It’s been more than six months since the tragedy at the OSU homecoming parade.
In that time though, several survivors have recovered from life-threatening injuries and have even formed some new friendships.
Leo Schmitz does not remember how he got to OU Medical Center.
"I was watching a parade, and the next thing I know, I woke up in a hospital three months later,” Schmitz said.
He has fond memories of how the staff at OU Medical's Trauma Center saved his life.
“They had to work on me quite a bit because I was such a mess when I showed up there,” Schmitz said.
Schmitz suffered massive head and leg injuries while watching the Oklahoma State University homecoming parade.
Investigators said Adacia Chambers plowed her car into an unmanned police motorcycle and then smashed into the crowd.
Schmitz's body took the brunt of the impact and shielded 6-year-old Hadley Wyatt from more serious injuries.
“My body grabbed her body and pulled her out of the way and we were lifted up and thrown down the street and they found her laying next to me,” he said.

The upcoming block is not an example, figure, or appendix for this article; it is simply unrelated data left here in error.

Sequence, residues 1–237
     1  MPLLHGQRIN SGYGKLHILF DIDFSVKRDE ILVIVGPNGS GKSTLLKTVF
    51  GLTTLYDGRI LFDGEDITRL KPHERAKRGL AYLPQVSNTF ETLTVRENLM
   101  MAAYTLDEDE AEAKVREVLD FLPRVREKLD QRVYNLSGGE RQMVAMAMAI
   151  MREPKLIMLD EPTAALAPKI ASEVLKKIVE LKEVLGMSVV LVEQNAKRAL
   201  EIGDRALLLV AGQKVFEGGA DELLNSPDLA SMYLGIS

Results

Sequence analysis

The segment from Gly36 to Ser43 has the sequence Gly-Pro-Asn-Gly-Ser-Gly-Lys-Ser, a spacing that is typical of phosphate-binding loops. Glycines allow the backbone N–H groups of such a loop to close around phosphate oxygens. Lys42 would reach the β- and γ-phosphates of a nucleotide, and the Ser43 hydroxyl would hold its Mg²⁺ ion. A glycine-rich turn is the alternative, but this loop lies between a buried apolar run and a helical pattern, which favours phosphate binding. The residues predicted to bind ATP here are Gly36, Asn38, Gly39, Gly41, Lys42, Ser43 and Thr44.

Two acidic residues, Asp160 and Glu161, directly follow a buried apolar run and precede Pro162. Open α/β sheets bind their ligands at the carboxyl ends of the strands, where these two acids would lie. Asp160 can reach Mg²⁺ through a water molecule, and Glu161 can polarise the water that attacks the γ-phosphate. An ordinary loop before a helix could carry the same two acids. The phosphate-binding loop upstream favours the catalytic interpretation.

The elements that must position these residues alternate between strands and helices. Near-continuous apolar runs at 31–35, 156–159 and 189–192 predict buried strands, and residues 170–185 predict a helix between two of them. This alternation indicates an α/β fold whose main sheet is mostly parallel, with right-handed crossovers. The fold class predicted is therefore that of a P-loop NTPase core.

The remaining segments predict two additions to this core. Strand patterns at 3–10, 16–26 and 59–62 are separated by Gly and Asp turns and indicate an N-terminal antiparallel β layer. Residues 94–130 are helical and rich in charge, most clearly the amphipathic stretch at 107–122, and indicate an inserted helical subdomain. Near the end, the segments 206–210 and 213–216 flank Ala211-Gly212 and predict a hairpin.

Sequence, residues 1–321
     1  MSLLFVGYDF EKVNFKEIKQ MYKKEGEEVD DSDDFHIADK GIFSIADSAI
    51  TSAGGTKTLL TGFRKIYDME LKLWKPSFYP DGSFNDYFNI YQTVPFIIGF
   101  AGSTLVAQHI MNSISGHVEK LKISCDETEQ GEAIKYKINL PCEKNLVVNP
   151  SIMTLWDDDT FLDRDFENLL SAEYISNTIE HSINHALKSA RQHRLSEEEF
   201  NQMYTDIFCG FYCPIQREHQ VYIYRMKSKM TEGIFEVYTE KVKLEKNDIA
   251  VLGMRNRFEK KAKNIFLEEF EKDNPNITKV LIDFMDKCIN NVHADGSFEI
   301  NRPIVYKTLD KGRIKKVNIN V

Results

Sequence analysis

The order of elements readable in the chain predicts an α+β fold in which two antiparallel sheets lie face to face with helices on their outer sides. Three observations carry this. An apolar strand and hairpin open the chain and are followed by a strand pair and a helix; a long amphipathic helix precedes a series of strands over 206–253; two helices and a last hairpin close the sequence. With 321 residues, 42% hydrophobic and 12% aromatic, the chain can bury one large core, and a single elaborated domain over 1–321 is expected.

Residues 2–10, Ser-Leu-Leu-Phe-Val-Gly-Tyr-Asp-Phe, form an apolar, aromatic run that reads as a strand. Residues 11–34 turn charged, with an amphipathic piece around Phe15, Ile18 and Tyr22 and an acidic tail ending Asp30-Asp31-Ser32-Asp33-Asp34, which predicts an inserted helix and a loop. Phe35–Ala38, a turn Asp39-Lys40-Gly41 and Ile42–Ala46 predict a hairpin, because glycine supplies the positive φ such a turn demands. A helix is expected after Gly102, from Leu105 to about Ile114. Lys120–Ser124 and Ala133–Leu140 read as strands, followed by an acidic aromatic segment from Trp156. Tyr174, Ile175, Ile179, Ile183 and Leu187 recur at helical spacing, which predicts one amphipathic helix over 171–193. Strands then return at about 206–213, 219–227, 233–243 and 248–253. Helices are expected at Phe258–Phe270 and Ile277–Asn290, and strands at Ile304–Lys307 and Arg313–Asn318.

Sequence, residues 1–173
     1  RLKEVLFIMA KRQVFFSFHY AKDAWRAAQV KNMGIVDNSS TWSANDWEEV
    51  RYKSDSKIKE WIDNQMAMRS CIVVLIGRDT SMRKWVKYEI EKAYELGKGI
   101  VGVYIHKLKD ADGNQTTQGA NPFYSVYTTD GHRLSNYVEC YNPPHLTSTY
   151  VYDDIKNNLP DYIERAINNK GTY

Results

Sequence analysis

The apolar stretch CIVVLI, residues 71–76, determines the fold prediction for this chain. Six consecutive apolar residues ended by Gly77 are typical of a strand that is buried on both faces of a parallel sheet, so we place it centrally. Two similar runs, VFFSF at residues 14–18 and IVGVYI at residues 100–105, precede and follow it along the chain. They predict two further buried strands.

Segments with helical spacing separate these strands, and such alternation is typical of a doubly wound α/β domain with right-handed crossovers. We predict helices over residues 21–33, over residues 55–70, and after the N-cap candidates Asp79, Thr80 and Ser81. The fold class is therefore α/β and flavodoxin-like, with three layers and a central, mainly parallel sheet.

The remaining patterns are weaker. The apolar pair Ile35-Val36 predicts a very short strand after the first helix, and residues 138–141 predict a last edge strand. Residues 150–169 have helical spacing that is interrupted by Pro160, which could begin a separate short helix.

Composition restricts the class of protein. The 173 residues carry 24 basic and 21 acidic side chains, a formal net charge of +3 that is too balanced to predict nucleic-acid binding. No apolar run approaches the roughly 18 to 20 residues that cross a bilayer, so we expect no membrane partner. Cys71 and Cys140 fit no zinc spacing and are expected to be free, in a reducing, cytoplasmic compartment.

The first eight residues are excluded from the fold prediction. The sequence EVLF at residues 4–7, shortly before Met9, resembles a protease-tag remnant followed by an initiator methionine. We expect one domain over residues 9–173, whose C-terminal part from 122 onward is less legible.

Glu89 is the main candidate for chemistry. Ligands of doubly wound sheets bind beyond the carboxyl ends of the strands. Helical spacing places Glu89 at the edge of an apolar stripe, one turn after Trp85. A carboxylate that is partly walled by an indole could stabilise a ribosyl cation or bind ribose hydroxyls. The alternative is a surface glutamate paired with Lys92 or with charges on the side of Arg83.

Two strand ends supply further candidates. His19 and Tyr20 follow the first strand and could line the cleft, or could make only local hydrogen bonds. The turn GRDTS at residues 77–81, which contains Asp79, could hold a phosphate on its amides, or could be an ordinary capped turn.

Both were flown to OU Medical Center, and, through their recovery, became fast friends.
“She told me that I was her lifesaver and I really appreciate everything that she has done for me because this reminds me of her so much. It almost makes me want to cry,” Schmitz said.
Tears of joy because he and his new found friend were honored by OU Medical Center alongside other survivors, doctors, nurses and first responders for their recoveries and acts of compassion in the face of tragedy
Schmitz said those who saved his life deserve all of the credit.
Schmitz and his wife said they hope to take little Hadley to an OSU game when everyone is well.